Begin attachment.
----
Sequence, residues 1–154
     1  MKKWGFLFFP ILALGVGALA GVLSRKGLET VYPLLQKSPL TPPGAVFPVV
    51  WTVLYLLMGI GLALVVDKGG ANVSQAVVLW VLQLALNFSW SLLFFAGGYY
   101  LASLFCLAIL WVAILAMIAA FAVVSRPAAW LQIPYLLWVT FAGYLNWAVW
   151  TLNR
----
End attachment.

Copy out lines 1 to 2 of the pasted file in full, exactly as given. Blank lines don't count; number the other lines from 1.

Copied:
Sequence, residues 1–154
     1  MKKWGFLFFP ILALGVGALA GVLSRKGLET VYPLLQKSPL TPPGAVFPVV